January 2012 Meeting - Fairtrade Wines

John McNeil presented a selection of four white and three Fairtrade Wines from countries in the Southern Hemisphere.  Fairtrade is an organized social movement and market-based approach that aims to help producers in developing countries to make better trading conditions and promote sustainability....

Fairtrade Labelling was created in the Netherlands in the late 1980s and here in the UK, the Fairtrade Foundation was established in 1992, with the first products to carry the Fairtrade Mark launched in 1994.


John opened the tasting with a Co-operative Cape Fairtrade Sparkling Brut 2010 from the Western Cape, S Africa (£7.99).  Made from 100% chardonnay, the wine was fresh and fruity in style with aromas of peach and a creamy finish.  The Co-operative was the first retailer in the UK to introduce a Fairtrade certified sparkling wine.  A Thandi Fairtrade Sauvignon Blanc 2010, also from the Western Cape, followed.  This was a typical Sauvignon Blanc with grassy, citrusy notes and dry on the palate.  Thandi is a Xhosa word meaning “nurturing love” and in 2003, Thandi became the first wine brand in the world to achieve Fairtrade certification.  (Wine Society - £6.25).

 Moving to Argentina, John then presented a Tilimuqui Single Vineyard Fairtrade Organic Torrontés 2009.  Tilimuqui is a small remote village in the Famatina Valley at the heart of La Rioja, Argentina.  La Riojana is currently the world’s largest producer of certified organic Fairtrade wines and in 2006 became the first winery in Argentina to receive Fairtrade certification.  A crisp, fruity wine made from the Torrontés grape it offered fragrant, gently spicy, citrus-fruit flavours.  (Waitrose - £6.99).  The final white was a Wild Valley Chenin Blanc 2011 from Wellington, South Africa.  This deliciously zingy and fruity wine was packed with the mouth-watering flavours of tropical fruit and citrus zest.  (Sainsbury’s - £7.99)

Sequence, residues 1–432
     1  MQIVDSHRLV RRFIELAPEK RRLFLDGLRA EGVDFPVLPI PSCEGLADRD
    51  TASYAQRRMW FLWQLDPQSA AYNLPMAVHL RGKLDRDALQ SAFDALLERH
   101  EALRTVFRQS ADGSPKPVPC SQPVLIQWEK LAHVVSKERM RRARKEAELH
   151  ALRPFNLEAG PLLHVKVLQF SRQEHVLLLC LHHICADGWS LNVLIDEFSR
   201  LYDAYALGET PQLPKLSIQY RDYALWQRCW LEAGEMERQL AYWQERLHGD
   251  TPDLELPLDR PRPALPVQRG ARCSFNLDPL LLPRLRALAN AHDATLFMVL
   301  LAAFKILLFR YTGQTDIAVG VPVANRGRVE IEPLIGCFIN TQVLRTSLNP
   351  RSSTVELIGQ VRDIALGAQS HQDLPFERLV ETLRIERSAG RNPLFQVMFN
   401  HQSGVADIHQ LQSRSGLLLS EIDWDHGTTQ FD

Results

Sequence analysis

The first of the reds was a Thandi Fairtrade Shiraz-Cabernet Sauvignon 2009 from the Western Cape, South Africa.  This rich, shiraz-dominated red with smooth berry fruit had a touch of spice on the palate.  (The Wine Society - £5.75).  Another Tilimuqui followed and this was a Single Vineyard Fairtrade Organic Cabernet Sauvignon/Bonarda 2009, again from La Rioja, Argentina.  A Cabernet/Bonarda blend, it was selected for its juicy blackcurrant fruit and was bursting with ripe, vibrant character.  (Waitrose - £6.99).  The final wine was a Mosaique Wines Fairtrade Carmenère 2010 from the Valley Central in Chile.  This powerful, ripe Carmenère wine was deep purple in colour with complex flavours of berry fruits and vanilla with a peppery spice.  Its well-balanced structure and natural acidity give it a long lasting finish.  (Sainsbury’s - £6.99)

Thanks to the Fairtrade system, previously disadvantaged farming communities have been empowered and grape producers now receive a better deal and have an improved standard of living.  This interesting selection of wines, that included some of the lesser-known grape varieties, showed that Fairtrade wines are on a par with, or even better than, other wines from these countries.